• Finwe Noldaran (view)


    If he's half as good as how much he made me irritated when the camera would pan to him in the dugout during games while he was playing, we'll be alright............

  • Finwe Noldaran (view)

    Arizona P:

    Totally agree. I was really wanting the Cubs to be sellers, and while hindsight is 20/20, that looks as though it may have been the best option; although, part of the reason they decided not to be sellers may have been what some of the returns we're going to be, so my thoughts are merely speculation based on lack of insight into the specifics of conversations leading up to the deadline. I find myself wanting us to allow the prospects to develop and play meaningful roles on the big league team, as I feel that we have quite a few that will become good if not prayerfully great players, but if we trade them away or sign players to fill their positions in a desperate attempt to contend now, I'm left wondering if approaching this year as a transition year, while giving some prospects time in the minors and then bringing them up to see what we have in them, and maybe looking at next year (2025) as more of a contention point may be the way to go, and may even be a catalyst in the long-term development of the consistency in contending that the franchise needs and letting things happen organically, rather than pressing or trying to control things and making a flurry of moves?

    Irrespective, I think Counsel was a great choice for manager, now we just need to add some charging stations at Wrigley, maybe where the garage was?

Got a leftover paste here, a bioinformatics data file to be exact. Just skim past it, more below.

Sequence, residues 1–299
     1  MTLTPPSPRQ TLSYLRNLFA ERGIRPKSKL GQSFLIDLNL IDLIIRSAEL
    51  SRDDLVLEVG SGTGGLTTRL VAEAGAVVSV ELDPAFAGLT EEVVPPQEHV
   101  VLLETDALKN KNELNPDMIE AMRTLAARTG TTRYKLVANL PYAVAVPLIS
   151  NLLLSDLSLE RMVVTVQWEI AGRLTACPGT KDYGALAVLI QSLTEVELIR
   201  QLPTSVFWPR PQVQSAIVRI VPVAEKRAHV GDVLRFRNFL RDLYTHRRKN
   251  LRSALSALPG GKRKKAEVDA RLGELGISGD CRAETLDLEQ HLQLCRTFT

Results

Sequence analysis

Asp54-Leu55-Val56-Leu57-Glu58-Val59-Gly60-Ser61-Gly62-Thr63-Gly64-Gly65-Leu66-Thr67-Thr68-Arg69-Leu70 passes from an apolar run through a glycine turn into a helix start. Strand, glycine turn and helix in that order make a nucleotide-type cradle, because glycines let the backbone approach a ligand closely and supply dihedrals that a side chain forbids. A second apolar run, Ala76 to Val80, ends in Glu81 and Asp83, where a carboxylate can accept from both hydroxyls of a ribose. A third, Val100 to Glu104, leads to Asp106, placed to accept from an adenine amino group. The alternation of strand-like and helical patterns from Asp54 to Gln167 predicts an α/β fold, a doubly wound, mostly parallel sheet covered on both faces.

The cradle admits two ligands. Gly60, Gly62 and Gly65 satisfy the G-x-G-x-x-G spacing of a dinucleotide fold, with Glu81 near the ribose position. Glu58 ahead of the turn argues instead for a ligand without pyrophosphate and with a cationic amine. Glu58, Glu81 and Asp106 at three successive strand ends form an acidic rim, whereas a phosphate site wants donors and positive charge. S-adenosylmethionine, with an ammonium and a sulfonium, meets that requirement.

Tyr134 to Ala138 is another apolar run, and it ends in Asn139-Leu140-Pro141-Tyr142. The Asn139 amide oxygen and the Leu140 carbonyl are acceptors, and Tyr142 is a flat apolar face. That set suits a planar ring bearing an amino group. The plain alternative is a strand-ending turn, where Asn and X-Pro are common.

• Finwe Noldaran (view)

    Arizona P:

    Just saw crunch saying Candelario went to the Reds, I also was wanting to avoid the retread market or losing a draft pick.......

  • Finwe Noldaran (view)

    Arizona P:

    Totally agree, I was inferring the latter portion of my comment, and agree with your assessment that it's similar to last year; just headscratching............

  • crunch (view)

    it is taking more than a minute for me to get used to craig counsell being the cubs manager.

    he's going to take the field on opening day at wrigley and get massively cheered.

    that is weird.  that's a thing that's happening, though.

    history aside, while i am horrified at the amount of money they're paying him, i welcome his style of management over what d.ross has given the team.  love d.ross and how chill + ready to deliver he kept the team, but he had a serious pitching short-hook problem that exhausted the pen and some very questionable bench/pinch-hitting use.

  • Arizona Phil (view)

    FINWE N: If you go by what Counsell did with the Brewers, he is much more likely to go with younger players than Ross was. I think part of it was that Ross was a "veteran players manager," meaning he was well liked and respected by veteran players because he was inclined to play them over younger unproven guys. 

    And that actually might have been OK if the Cubs had been "sellers"at the trade deadline (as they clearly had planned to be before suddenly deciding to go fr it), because Ross would have played the veterans a lot the first four months of the season (which would have maximized their trade value), and then Ross would have had no choice but to play the younger guys the last two months after the veterans were traded. 

    But of course it didn't work out that way. 

    One thing about Craig Counsell that might have attracted Hoyer to him is that Counsel is very "collaborative" as a manager and welcomes and even demands lots of input from the analytics department. In fact I have heard tell that Counsell knows at least as much as the geeks know and that he routinely goes to them for information rather than waiting for it to be offered. So think of Ross as a Chevy pick-up truck, while Counsell is a Tesla.